I have no idea who Mark McMorris is but his election policies of Infinite Air make more sense than Trump’s. Let’s lend him our ears. Okay, that intro was a stretch but, colour me intrigued when someone tells me Maximum Games are attempting a realistic snowboarding title.
At face value, Infinite Air is certainly trying to ground itself in some reality. A brief tutorial showcases its influences with a control scheme straight from Skate and the mentality of finding lines, rather than combos. The world itself is fairly toned down with some brilliant white snow punctuated by trees, peaks and valleys. It’s an open world that allows you to drop in anywhere so there’s a degree of freedom that’s welcome. There’s a nice variety to the sloping landscape.
You’re placed into a free ride by default which is where other riders populate their own lines and challenges. Wind rustles your rider’s gear in a strangely satisfying way and an increase in speed amplifies this as the world goes by. It’s a cohesive style that’s fairly chill. The licensed soundtrack seems well stocked and doesn’t feel out of place. The chatter from Mr. McMorris will grate a little with his repeated dialogue but, aesthetically it’s sorted.
Now, this is where the review gets interesting. The consensus I’ve seen derides the controls as fiddly and almost unworkable. I’m inclined to agree but, with more time on board, I’m starting to feel a little more comfortable with it. I certainly still have issues with the left stick triggering a revert when I’m just asking for a simple turn. A basic move like that shouldn’t require a bit of nuance but you’ll discover you might scrub some speed off when you’re aiming to hit a ramp or feature.
It’s troubling as a sense of flow never quite materialises. They approximate Skate’s trick controls well enough until you’re asked to get specific. Spins and ollies are easily attainable but, despite a comprehensive trick list with instructions, I struggle. It doesn’t feel like a question of dexterity but more that the controls lack some fine tuning. This is by far Infinite Air‘s largest obstacle and, as a player, you’ll find frustration.
It’s one of those occasions where I’ve decided explicitly not to rush to form an opinion on this and, after a decent session on it, I’ve found myself improving. I’ve hit the circuit mode a little harder with it’s ready-made areas and events and, whilst nailing required tricks still feel like chance, you can at least gain a foothold if you just want to head downhill and make ‘something’ happen. I can’t really master this. It’s not precise enough and it’ll leave a few people disappointed.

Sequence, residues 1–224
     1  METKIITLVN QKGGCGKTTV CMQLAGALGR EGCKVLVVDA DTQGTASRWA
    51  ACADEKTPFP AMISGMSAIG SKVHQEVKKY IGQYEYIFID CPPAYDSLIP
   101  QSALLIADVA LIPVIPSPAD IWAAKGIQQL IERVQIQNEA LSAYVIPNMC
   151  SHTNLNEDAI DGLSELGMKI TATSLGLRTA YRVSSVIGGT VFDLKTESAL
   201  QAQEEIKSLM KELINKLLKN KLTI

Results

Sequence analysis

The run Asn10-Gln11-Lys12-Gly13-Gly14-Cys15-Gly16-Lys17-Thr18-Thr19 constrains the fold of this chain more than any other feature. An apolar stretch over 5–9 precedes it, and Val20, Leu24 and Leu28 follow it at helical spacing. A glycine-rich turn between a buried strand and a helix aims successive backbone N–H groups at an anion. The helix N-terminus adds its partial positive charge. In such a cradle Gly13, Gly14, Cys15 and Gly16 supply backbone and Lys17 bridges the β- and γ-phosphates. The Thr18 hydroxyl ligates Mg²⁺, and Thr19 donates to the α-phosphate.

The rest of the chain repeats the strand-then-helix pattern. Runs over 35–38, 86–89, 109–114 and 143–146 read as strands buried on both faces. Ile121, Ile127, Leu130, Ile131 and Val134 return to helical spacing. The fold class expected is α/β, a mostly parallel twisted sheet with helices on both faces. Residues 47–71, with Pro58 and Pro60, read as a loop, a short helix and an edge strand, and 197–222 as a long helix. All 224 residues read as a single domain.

In spite of these issues, there are things to admire in Infinite Air. There’s a strong social aspect with a world editor on hand for you to sculpt a landscape of your choice. It’s a simple interface similar to the ones we see in The Golf Club and the old Tony Hawk games. You can get creative and people will enjoy making their own areas to carve through. Other players’ lines are out in the world for you to admire and you can encounter other riders out in Live Ride. Without doubt, it’s Infinite Air‘s strongest card and it’s played very well. Getting a crew together and casually hitting tricks provides some enjoyment and I’ve found the competitive modes fun, even if the trick system devolves into a lottery.
There’s some technical hitches which become problematic. Sometimes there’s a delay when it prompts you to reset. You can respawn right where you last bailed, putting a halt to your run entirely. With no method to really push off, you’re left out of luck from a dead stop. You might also find yourself being unable to restart as your rider fails to finish their bail animation. Again, it goes back to flow and this game struggles to maintain it.
When you’re imitating systems that worked so well with others, you draw the kind of comparisons which your game can live or die by. As I persevered with Infinite Air, I found a game that ultimately couldn’t match up and the gulf kept extending. It made me appreciate how much effort must be applied to get a stick-based trick system so correct and Maximum Games just couldn’t find the extra fidelity to make the landing. It’s a pity as the social aspect and general structure on offer provide something more grounded than SSX.